Search Menu
Photonics Media Photonics Buyers' Guide Photonics EDU Photonics Spectra BioPhotonics EuroPhotonics Industrial Photonics Photonics Showcase Photonics ProdSpec Photonics Handbook
More News
Email Facebook Twitter Google+ LinkedIn Comments

  • AOptix Awarded $11M in DARPA Contracts
Dec 2010
CAMPBELL, Calif., Dec. 20, 2010 — Privately funded AOptix Technologies Inc. announced it received an $11.4 million contract to deliver wireless air and ground optical terminals for DARPA’s Free Space Optical Experimental Network Experiment program.

Under subcontract to Johns Hopkins University Applied Physics Lab, the company will build and flight-validate its free space optical (FSO) terminals at up to 10 Gbps and 200 km on various aircraft and static ground stations.

The goal of the program is to field test high-bandwidth communication systems, by integrating FSO and radio frequency (RF) technology into a full mesh network. Designed to exploit the high capacity and long range of FSO, the hybrid systems relieve the congestion of RF networks and enable data transmission under extreme environmental conditions. The communication system will provide the capability to relay and downlink high volume ISR data traffic in real-time.

“This program will build on years of successful flight test programs where AOptix has delivered a number of firsts in bandwidth and distance for FSO communications,” said Dean Senner, president and CEO of AOptix. “We’re working very hard with our partners to deploy ultrahigh bandwidth solutions, bringing on-line, real-time, sensor data communications capabilities to enable warfighter operations.”

The wireless bi-directional optical terminals uses a patented, single aperture, adaptive optics method of beam control to compensate for real-time atmospheric turbulence, while still maintaining lock between two terminals.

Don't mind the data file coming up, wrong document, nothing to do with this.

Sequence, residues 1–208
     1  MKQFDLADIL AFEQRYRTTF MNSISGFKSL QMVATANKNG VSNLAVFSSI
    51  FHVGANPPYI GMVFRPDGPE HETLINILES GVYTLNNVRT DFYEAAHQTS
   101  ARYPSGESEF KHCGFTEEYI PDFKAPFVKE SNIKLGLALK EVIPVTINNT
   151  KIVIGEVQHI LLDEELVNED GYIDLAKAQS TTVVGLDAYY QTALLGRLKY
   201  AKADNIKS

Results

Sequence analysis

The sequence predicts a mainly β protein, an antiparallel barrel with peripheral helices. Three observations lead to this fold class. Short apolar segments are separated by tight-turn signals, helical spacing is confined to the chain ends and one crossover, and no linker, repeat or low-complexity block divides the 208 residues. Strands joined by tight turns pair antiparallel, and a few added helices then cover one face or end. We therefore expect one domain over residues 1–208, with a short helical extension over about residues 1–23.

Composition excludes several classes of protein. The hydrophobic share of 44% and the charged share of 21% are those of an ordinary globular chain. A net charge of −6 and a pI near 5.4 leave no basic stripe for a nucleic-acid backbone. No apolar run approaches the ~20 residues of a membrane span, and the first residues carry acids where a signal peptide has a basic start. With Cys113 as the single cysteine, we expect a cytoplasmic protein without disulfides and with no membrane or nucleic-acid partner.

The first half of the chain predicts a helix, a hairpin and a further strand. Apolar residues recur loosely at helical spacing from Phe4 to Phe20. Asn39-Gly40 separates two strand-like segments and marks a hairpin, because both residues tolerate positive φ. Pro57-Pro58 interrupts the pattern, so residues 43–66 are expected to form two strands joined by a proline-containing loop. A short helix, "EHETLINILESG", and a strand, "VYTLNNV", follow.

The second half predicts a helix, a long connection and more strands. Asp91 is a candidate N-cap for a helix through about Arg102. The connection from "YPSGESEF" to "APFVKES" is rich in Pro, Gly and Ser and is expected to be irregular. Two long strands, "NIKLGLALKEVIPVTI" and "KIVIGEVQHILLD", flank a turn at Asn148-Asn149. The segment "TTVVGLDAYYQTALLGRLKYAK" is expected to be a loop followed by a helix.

AOptix develops FSO communications and iris biometrics based identification solutions for government and commercial markets.

For more information, visit: 

adaptive optics
Optical components or assemblies whose performance is monitored and controlled so as to compensate for aberrations, static or dynamic perturbations such as thermal, mechanical and acoustical disturbances, or to adapt to changing conditions, needs or missions. The most familiar example is the "rubber mirror,'' whose surface shape, and thus reflective qualities, can be controlled by electromechanical means. See also active optics; phase conjugation.
An opening or hole through which radiation or matter may pass.
atmospheric turbulence
Irregularities and disturbances in the atmosphere that are of particular interest because they induce random temporal and spatial phase and amplitude fluctuations that destroy the optical quality and the coherence properties of laser beams.
The technology devoted to the analysis of unique biological characteristics such as voice patterns and fingerprint, retina, iris, and hand and face geometry to determine or authenticate the identity of an individual.
Pertaining to optics and the phenomena of light.
Terms & Conditions Privacy Policy About Us Contact Us
back to top

Facebook Twitter Instagram LinkedIn YouTube RSS
©2016 Photonics Media
x We deliver – right to your inbox. Subscribe FREE to our newsletters.